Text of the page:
Introducing Pets


Your New Pet 

Chances are your new puppy or kitten will be curious about his new surroundings and its occupants. Your new puppy or kitten may see your older pet as a new playmate and be ready to make friends, or your puppy or kitten may be shy. 

Either way, it is best to isolate your newcomer when you first bring him home. Be sure to choose a room in neutral territory, and not in a room where your older pet sleeps or eats. Allow the puppy or kitten to explore a bit while you supervise. Then leave the newcomer alone for a short time so she can become comfortable in the new surroundings. This will also allow you time to reassure the older pet. 


Animals get to know each other by smell. Therefore, don't be alarmed if you older pet spends a lot of time sniffing at the bottom of the door of the newcomer's room. This is normal. After a day or two, you should be able to determine what the older pet's reaction to the puppy or kitten is. A dog anxious to meet the new pet will scratch at the door and wag his tail, while a cat will purr and generally act curious or friendly. If your dog growls or barks at the door, or if your cat hisses and seems upset, it would be best to wait a few more days before attempting further interaction. 

Take It Slowly! 

When your older pet seems ready, introduce the pets by opening the door just wide enough so they can see and smell each other. Be certain that you stand close by to supervise. Gradually open the door wider for short periods of time until they have adjusted to looking at each other without becoming upset. This procedure may take several days, but it is usually successful. 

Alternatively, replace the closed door with a baby gate. Again, be certain that you stand close by to supervise. 

The first time the two pets meet face to face should be short and, hopefully, calm. If the older pet is a dog, proper restraint, such as a leash, will prevent him from chasing and scaring the newcomer.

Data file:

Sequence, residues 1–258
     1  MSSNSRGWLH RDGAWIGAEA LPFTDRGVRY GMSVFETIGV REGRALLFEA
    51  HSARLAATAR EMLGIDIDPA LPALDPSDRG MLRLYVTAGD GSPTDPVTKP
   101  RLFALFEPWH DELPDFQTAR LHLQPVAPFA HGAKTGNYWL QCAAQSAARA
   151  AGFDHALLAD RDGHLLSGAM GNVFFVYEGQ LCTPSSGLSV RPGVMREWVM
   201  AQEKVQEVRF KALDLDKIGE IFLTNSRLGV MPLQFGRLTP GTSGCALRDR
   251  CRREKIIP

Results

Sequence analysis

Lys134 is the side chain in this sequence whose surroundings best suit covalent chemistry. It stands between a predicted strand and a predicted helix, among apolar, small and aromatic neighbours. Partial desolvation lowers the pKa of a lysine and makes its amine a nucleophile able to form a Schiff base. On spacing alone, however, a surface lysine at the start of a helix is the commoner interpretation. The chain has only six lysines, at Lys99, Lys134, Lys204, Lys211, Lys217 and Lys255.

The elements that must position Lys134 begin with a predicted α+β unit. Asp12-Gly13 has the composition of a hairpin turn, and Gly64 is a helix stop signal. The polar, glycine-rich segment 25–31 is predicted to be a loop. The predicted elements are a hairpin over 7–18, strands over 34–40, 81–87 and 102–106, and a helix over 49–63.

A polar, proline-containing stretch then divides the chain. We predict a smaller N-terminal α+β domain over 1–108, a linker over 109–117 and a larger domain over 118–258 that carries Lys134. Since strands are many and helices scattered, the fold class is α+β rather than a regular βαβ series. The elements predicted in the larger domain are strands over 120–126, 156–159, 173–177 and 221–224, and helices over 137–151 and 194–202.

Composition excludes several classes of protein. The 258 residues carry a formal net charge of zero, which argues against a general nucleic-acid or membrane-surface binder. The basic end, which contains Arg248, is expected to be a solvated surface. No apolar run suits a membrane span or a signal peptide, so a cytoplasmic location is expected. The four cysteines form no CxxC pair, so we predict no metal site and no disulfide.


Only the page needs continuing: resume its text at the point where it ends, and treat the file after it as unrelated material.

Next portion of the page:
Most important, don't force the issue. Let the animals go as close, or stay as far away, as they want. Repeat short introductions as often as necessary, until the animals are able to stay comfortably in the same room, with supervision. Don't expect instant friendship - that takes time. 

A Place for Everyone 

Your older pet needs to be reassured that the newcomer will not take over his territory. Therefore, don't allow the newcomer to take over a favorite sleeping or eating place. 

Don't expect your older pet to be willing share his possessions, either. Animals are often possessive of their food and feeding dishes. Ideally, since the puppy or kitten requires an appropriate puppy or kitten food for its developing life stage, separate feeding dishes should be provided, preferably in a different room for a while.

Monitor mealtimes to prevent either animal from pushing the other away from its plate. Since most puppy and kitten foods are recommended for the first 12 months, it may be a good idea to continue feeding your newcomer in a closed room for awhile. 

Equip the newcomer's room with a bed, water dishes, and toys. Kittens should also be provided with a scratching post and a litter pan. Two or more cats in a household often do share a litter pan, but many adult cats do not appreciate sharing with a kitten, at least until they are better adjusted. Providing your kitten with its own litter pan should help prevent your adult cat from starting to soil in inappropriate areas as an act of rebellion. 

Friends, Friendly Enemies, or Foes? 

It may take a year or more for your older pet and the puppy or kitten to become totally comfortable with each other. They may never become friends, but may simply learn to tolerate each other. Even if they remain standoffish, most pets appreciate another warm body in the house when their owners are not there. Over time, the majority of pets find a workable relationship, even if they are not best friends!